We made it cool to be knowledgeable.  If a brother wasn’t enlightened, he couldn’t even get a girlfriend. It became so hip to be Black that White folks were trying to nap their hair up and wear naturals, and White girls were walking around in cornrows. That’s how the Rock and hippie revolution got started. Before that, White musicians were going on stage in black suits and ties singing “Rock Around the Clock,” and “Venus” – so we’ve already demonstrated that we can influence the world.

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But we tend to always allow the White establishment to think 10 years ahead of us (that’s why I’m so big on making education our number one priority). They introduced acid, speed, and other drugs into the mix, and the lure of these drugs began to drag us back down. Then in the eighties Ronald Reagan abolished the “Fairness Doctrine” – one of the nation’s primary educational tools, which forced network and radio stations to give equal time to opposing voices every time they tried to spew conservative propaganda – and then Reagan flooded the inner cities with crack (“Just say no!!!!?”). That devastated two generations of Black people. As a result, that severed the connection of the third generation from their Black cultural heritage, because the parents who were supposed to be teaching them about their culture were crackheads. Then the establishment used the media, with things like MTV and BET to serve as a re-education tool, which brings us to where we are today.

Thus, it is essential that the Black community come together and re-establish our connection with our cultural roots. It’s no accident that we no longer see people like Charlie Parker, Miles Davis, John Coltrane, Aretha Franklin, Marvin Gaye, or Ray Charles coming out of the Black community anymore. The reason for that is we now have a generation of young Black people where many are just as remote from their Black roots as many White people. Yes, they have Black skin, but thanks to the machinations of the White establishment, they aren’t anything like Black people once were. They’re like cardboard, imitation Blacks who are reminiscent of real Black people.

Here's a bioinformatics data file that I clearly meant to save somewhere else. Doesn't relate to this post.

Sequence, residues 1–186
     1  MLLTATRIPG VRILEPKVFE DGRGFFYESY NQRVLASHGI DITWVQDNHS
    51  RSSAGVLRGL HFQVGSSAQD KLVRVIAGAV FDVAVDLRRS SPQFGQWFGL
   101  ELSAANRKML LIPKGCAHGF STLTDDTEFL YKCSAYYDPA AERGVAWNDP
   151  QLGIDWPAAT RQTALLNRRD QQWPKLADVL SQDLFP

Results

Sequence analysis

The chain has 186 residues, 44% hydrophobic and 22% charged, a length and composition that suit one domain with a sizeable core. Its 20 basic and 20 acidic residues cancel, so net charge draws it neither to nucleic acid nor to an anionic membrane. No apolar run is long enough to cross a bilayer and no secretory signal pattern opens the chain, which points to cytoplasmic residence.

Think about it – isn’t it ironic that, with the exception of people like Janet Jackson, Tyrese, Mariah, and a handful of others, one of the closest examples of old-school Black soul currently in the public domain is being put out by Robin Thicke? – and I know, because I’m a lifelong jazz musician, so I’m listening . . . and Robin sounds good!  And the same is true in jazz.  If you go to a concert where they’re playing REAL jazz, it looks like a Tea Party convention, because this generation of Black people don’t support, or even KNOW, their own culture.

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So we’d better wake up, or 50 years from now the only people who are going to have the musical skills to play Black music are gonna be White, because they’re devouring our music in music schools and conservatories all over the world as we speak, while we’ve been seduced by the dollar to spew vulgar nursery rhymes to the beat of electronic drum machines.

That’s what I mean by addressing our cultural infrastructure. We’ve got to stop thinking of ourselves as victims.  The word “victim” suggests weakness, and Black people are not weak. The adversity that we’ve endured has made us MORE, rather than less. We simply have to recognize that fact, and be PROACTIVE  in addressing our issues instead of simply reacting to cultural assaults. The bottom line is, we’ve got to stop telegraphing everything that’s on our minds by screaming and grabbing microphones. No one is impressed by that; it just makes us look like reckless idiots. We’ve got to begin to use our minds to forge innovative and thoughtful approaches to resolving our issues, and we have the resources within our community to do that, right now.  And we must always keep in mind the words of Frederick Douglass – “Knowledge makes a man unfit to be a slave.”

“THE SAME BOILING WATER THAT SOFTENS THE POTATO, HARDENS THE EGG.  SO IT’S NOT ABOUT YOUR CIRCUMSTANCES, IT’S ABOUT WHAT YOU’RE MADE OF.”

 

Staff Writer; Eric L. Wattree

This brilliant man can be found at; [email protected].